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A RESOLUTION is reported as having passed both branches of the Massachusetts Legislature of 1886–87, which "requests the State Board of Education to consider the expediency of revising the entire course of studies in the public schools of the State," and to report to the next legislature. A prominent eastern Massachusetts clergy man is reported as having declared that he always refused to sign a petition for an additional study in the public schools, on the ground that too many studies are pursued in them already. On the basis of these texts, and of all beneath the surface of which they are the evident sign, I would offer some remarks in aid of clear and well-grounded thinking on the important question, What are the real essentials of publicschool education ?

Here, adopting and expanding a famous saying of Lord Bacon's, we may say, reading makes a full man; writing makes an exact man; speaking makes a ready man. Also, thinking makes a wise man; feeling makes an active man; doing makes a practical man; and we venture to believe that this second triplet is as important as the first. The contrast between reading and thinking is the root of that between know). edge, or acquaintance with facts, and wisdom, or the power to make good use of knowledge. The contrast between speaking and doing appears in the constant expressions, Will be do as he says? That is what he says, but what will he do about it? Writing, just because it is speech without the speaker, compels to especial exactness, to compensate for the absence of all the side streams of meaning that flow into spoken words from look and tone and gesture. Feeling, moreover, supplies the motive, according to which the end of doing is good or bad. Now, all these elements being a condensed summary of life, we declare the business of the public schools to be to start the young on the


path of reading, writing, speaking, thinking, feeling, and doing well. Moreover, as man is a vitally united body and mind, “doing" is to be understood as including the activity of the hands, or, more exactly, of the mind through the hands, as well as such activity only of the mind as could equally exist in beings without hands. Hence manual training.

Reading, as Bacon meant it, is for the purpose of gaining knowledge. “Read and you will know.” As a school exercise, it also means elocution, or the vocal expression of the sense, distinct enunciation, and correct pronunciation; in a word, gymnastic for the vocal organs. Reading can be employed simultaneously for both purposes. The school reading-books should have a constant threefold supplement: first, such prefatory remarks by the teacher as will put the class in the spirit of the piece to be read; secondly, a popular encyclopedia and other suitable reference books on the teacher's desk, children's books of travels, natural science, geographies, and ample wall maps; and thirdly, directions by the teacher to suitably related books from any accessible library. Reading can thus be made what Hugh Miller and many others since his time have expressed as a favorite thought, viz., the pass-key to every room in the temple of knowledge. It can incidentally initiate pupils in history, geography, biography, poetry, fiction, travels, useful arts, physical and natural science, and morals. It can make them acquainted with the existence, and so far with the character, of all these subjects, that such among them as any pupil discovers a natural taste for he will pursue further, as separate studies, when the time comes. Reading, thus broadly treated, would use. fully clear elementary schools of many subjects, such as geography, history, and formal grammar, not necessary to be taken as separate studies, each with its text-book, and now often merely skimmed over.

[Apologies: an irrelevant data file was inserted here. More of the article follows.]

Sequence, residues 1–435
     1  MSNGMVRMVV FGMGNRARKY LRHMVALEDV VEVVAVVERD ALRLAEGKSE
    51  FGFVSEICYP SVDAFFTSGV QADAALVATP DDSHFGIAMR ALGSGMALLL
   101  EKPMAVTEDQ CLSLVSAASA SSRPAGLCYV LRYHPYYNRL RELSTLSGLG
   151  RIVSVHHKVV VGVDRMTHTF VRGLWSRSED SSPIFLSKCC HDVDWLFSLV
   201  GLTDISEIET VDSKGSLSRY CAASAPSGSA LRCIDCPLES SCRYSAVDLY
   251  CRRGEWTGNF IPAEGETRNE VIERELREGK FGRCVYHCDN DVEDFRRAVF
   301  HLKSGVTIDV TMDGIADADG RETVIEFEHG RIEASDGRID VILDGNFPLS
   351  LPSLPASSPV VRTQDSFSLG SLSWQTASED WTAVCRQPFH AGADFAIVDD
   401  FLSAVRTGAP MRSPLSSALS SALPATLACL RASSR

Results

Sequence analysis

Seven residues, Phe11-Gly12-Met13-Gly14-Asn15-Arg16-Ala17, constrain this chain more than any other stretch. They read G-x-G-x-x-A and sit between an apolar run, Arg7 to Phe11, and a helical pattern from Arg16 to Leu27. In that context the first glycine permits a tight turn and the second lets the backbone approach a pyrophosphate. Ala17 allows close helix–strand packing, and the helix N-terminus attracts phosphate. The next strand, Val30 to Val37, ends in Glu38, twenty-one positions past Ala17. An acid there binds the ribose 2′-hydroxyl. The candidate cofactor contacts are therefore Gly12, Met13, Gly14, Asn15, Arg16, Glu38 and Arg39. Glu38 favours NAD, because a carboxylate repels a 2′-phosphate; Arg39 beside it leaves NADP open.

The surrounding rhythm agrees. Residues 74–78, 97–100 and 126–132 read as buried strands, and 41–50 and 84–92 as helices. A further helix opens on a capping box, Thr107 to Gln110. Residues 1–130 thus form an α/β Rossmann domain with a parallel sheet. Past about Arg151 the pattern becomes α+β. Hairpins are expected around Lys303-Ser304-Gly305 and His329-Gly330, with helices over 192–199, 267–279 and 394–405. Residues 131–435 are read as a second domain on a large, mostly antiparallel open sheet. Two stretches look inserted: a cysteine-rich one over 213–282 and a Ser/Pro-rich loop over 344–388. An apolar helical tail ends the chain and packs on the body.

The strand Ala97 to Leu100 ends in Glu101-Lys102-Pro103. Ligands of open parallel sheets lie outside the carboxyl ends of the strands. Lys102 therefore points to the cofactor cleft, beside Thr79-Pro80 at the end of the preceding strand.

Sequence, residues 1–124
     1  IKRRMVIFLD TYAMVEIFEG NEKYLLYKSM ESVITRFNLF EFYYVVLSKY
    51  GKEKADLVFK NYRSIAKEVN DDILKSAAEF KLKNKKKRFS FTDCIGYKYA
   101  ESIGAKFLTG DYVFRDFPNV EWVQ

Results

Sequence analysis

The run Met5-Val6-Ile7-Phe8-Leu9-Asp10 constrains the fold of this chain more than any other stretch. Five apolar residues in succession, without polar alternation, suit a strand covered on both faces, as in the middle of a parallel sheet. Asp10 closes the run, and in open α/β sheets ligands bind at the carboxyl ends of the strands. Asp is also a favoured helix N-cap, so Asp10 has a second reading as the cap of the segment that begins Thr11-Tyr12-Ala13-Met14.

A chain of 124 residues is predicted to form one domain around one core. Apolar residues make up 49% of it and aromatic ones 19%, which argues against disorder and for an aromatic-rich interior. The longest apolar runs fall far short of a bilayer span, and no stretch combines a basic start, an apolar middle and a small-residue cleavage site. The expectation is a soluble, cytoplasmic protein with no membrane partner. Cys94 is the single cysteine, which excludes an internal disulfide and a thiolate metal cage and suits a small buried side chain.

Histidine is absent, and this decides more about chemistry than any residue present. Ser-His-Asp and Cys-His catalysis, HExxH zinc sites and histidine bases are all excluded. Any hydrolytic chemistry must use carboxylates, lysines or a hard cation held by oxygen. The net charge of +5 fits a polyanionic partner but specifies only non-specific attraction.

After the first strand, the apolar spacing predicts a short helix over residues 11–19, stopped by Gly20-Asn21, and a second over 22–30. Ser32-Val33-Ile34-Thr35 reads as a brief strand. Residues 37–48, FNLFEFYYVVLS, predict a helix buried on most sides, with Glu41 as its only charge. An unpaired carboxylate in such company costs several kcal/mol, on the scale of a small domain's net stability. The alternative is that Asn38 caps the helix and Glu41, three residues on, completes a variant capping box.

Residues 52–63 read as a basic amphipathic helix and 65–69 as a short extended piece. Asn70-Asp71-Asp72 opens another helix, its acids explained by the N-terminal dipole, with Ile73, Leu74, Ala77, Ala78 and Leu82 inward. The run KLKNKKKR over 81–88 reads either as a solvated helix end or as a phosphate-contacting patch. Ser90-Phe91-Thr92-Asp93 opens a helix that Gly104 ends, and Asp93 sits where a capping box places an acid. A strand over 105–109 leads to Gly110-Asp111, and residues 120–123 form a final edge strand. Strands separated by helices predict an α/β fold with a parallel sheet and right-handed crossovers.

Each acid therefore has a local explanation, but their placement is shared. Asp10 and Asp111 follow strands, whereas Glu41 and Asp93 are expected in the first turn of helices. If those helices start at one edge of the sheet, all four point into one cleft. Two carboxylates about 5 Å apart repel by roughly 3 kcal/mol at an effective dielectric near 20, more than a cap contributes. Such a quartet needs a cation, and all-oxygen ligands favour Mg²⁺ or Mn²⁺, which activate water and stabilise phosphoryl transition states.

Writing, like reading, is here used in a double sense. Bacon meant by writing the written expression of thought, or composi. tion. As a school exercise it also means penmanship. Penmanship is one element in manual training. It is a species of free-hand drawing, and, industrially, an accomplishment of no small value to accountants, copyists, and artist penmen. Composition, associated with reading, cultivates memory, in fixing facts recorded ; also power of expression, in varying the forms used to express a thought; and, with the teacher's corrections, serves in teaching spelling and grammar. Spelling is incidental to reading and writing. Oral spelling cultivates the memory. Written spelling stimulates observation. For a word, analyzed with regard to spelling, is, at last, a number of objects set in a certain order; and, as few words indicate unmistakably to the ear what their letters are, or the order of them, it follows that these particulars are best learned through the eye, and fixed by writing.

Speaking, which makes the ready man, can be better learned than by the old-time “speaking of pieces." An account given of every reading lesson, running into a genuine conversation about the subject of it, not only gives power to speak, but serves to show whether the reading bas been only perfunctory or bas really contributed toward making the future full man that reading is meant to make. Every example explained at the black-board, and every country described from the wall map, also contribute to readiness of speech, as does also correction of fellow-pupils' errors.